IBM is announcing today that it’s stepping up its investment in Vietnam as part of a bid to improve the country’s innovation and grab a foothold in an emerging territory for technology consumption.
That’s a big step for a country that a generation ago was shattered by war and that developed slowly under communist rule for many years. The U.S. lifted a trade embargo during the Clinton administration, and Intel decided to invest $1 billion in a chip assembly factory in 2006.
Big Blue is opening up an innovation center to help startups and local businesses develop and market new technologies. IBM will also develop relationships with Vietnamese universities and conduct joint research with them in areas such as analytics and cloud computing. Full told, IBM has 300 employees in Vietnam. But it expects that number will grow. The new innovation center itself has 12 employees.
Drew Clark, head of strategy for the IBM Venture Capital Group, said Vietnam can move forward faster on technologies such as broadband wireless because it doesn’t have the wired infrastructure that other countries do.
He estimates that a couple of venture funds, DFJ VinaCapital and IDG Ventures Vietnam, have invested in a couple of dozen tech companies in Vietnam to date. DFJ VinaCapital set up a $50 million fund to invest in tech companies in Vietnam in 2006. Startups range from Web 2.0 startups to online game companies. IBM wants to see the numbers of active VCs increase.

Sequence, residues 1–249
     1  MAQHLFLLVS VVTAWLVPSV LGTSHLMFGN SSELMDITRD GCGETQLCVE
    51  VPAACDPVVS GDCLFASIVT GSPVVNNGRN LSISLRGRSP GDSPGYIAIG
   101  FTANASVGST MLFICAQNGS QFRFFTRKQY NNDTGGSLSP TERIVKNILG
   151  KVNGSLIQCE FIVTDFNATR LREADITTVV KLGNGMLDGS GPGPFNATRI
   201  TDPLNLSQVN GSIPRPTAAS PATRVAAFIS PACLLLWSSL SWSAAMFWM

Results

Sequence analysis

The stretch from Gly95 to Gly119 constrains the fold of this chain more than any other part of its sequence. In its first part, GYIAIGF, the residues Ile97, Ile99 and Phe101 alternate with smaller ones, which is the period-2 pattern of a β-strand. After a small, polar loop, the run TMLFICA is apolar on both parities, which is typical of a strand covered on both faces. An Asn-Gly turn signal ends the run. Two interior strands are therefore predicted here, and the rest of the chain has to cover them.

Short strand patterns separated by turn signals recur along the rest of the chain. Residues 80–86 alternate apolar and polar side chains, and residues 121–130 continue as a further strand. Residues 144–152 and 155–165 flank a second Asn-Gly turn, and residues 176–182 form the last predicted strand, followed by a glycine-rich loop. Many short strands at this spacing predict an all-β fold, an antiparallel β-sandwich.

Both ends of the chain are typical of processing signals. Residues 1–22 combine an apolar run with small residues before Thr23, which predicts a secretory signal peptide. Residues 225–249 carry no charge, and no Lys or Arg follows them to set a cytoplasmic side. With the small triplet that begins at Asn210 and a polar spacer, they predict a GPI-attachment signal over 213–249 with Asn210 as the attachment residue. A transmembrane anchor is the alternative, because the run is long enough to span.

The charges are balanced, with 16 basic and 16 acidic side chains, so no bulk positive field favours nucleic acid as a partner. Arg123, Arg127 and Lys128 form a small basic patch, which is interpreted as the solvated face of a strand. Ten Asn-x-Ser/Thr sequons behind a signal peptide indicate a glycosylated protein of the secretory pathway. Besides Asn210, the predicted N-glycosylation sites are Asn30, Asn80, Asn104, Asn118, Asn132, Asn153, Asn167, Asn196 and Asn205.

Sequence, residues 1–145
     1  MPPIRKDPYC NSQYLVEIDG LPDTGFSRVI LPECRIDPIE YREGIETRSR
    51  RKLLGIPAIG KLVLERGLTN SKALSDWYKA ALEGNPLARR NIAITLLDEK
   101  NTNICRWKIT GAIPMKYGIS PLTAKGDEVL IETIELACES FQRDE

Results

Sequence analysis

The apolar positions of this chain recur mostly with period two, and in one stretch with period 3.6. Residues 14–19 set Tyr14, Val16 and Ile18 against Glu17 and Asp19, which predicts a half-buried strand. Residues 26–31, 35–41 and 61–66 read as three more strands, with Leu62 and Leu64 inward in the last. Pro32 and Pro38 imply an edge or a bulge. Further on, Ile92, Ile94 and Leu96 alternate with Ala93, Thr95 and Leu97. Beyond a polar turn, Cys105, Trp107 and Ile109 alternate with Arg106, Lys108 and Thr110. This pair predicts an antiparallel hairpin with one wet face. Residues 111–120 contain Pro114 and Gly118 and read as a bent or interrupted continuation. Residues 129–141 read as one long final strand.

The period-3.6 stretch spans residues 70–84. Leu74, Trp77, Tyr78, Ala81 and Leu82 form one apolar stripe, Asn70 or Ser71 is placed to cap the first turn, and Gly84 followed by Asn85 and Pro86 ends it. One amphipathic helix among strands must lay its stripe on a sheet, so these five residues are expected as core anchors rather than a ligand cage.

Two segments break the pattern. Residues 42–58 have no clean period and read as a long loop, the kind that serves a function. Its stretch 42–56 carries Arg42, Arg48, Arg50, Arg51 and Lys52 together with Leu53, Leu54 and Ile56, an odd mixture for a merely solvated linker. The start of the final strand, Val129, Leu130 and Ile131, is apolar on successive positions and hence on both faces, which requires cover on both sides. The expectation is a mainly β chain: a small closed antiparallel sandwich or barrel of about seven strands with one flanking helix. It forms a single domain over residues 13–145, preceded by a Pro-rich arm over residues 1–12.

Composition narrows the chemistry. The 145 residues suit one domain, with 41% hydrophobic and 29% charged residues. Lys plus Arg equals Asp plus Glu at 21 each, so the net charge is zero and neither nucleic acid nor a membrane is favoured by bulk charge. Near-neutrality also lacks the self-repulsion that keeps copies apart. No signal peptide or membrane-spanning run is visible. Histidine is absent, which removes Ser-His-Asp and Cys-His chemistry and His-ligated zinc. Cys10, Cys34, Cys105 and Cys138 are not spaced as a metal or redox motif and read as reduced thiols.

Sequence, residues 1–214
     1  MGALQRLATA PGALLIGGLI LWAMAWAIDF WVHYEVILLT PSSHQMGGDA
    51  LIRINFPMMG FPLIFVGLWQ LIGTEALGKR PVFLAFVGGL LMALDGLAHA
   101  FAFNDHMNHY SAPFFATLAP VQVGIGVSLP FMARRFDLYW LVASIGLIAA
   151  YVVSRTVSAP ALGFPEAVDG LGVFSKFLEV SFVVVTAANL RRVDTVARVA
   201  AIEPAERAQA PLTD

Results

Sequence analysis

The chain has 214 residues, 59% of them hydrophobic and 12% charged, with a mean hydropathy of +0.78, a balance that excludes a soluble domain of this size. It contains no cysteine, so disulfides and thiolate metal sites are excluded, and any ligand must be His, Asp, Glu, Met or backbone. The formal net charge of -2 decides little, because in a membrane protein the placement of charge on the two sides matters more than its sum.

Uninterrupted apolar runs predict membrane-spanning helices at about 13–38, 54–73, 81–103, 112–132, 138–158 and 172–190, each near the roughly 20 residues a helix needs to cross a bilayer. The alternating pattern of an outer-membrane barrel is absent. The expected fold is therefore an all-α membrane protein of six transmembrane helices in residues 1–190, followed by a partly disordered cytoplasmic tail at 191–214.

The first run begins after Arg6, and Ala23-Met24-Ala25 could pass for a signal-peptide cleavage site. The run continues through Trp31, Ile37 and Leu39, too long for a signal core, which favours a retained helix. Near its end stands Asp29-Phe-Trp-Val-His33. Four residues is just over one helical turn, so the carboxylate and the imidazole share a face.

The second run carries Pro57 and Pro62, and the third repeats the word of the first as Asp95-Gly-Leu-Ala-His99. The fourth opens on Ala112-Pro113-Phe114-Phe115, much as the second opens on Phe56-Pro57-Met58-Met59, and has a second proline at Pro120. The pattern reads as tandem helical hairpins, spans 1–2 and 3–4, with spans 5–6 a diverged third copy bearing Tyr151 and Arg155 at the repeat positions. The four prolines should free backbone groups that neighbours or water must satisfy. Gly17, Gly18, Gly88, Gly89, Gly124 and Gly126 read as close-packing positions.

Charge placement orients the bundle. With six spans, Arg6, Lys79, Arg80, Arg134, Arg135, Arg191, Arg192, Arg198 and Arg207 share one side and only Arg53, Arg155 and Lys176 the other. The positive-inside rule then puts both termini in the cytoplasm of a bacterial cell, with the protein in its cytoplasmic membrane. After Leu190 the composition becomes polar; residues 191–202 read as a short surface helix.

“It’s important that we’re not out there alone,” Clark said.
Despite a global decline in venture investments, IBM believes there are still pockets of innovation in regions such as China, Brazil, India, South Africa, and now Vietnam. Some of the ideas being explored in new territories include smart grids, electronic healthcare and greener data centers.
Vietnam’s information technology sector is growing over 20 percent per year, fed by massive demand for the Internet and demand for infrastructure improvements. Internet access grew in Vietnam from 10 million users in 2005 to 20 million users in 2008.
Vietnam will thus be getting some of the billion dollars that IBM is investing this year with its various technology partners. Earlier this week, IBM started a radio frequency identification (RFID) project to track seafood as it makes its way to restaurants worldwide.
IBM has had a presence in the country since the 1930s and established a sales office in 1994. The new IBM innovation center will be in Ho Chi Minh City and it will help companies throughout Vietnam, Cambodia and Laos as they take advantage of new technologies such as cloud computing and analytics. The company is targeting banks, telecommunications firms, energy companies, and government. Since 2000, IBM has launched innovation centers in a dozen developing countries. And in the past 10 years, it has invested more than $600 million in 43 innovation centers worldwide.
IBM is also allying with the University of Technology in Ho Chi Minh City and the College of Technology in Hanoi, with a focus on cloud computing and service science research. And it will also develop a local language version of its developerWorks technical resource site.
Big Blue will also develop a network with venture capitalists to boost investments and entrepreneurship around key technology trends. It said it has more than 200 business partners in Vietnam, double the number a year ago.
The strategy helps IBM get a key foothold in what will eventually become important markets. In Brazil, more than half of the country’s 2,000 software companies have become IBM partners. In India, IBM has 25,000 partners across 200 cities. In China, it has registered 11,000 business partners this year.
[Photo credit: Flickr, Lucie’s photography]
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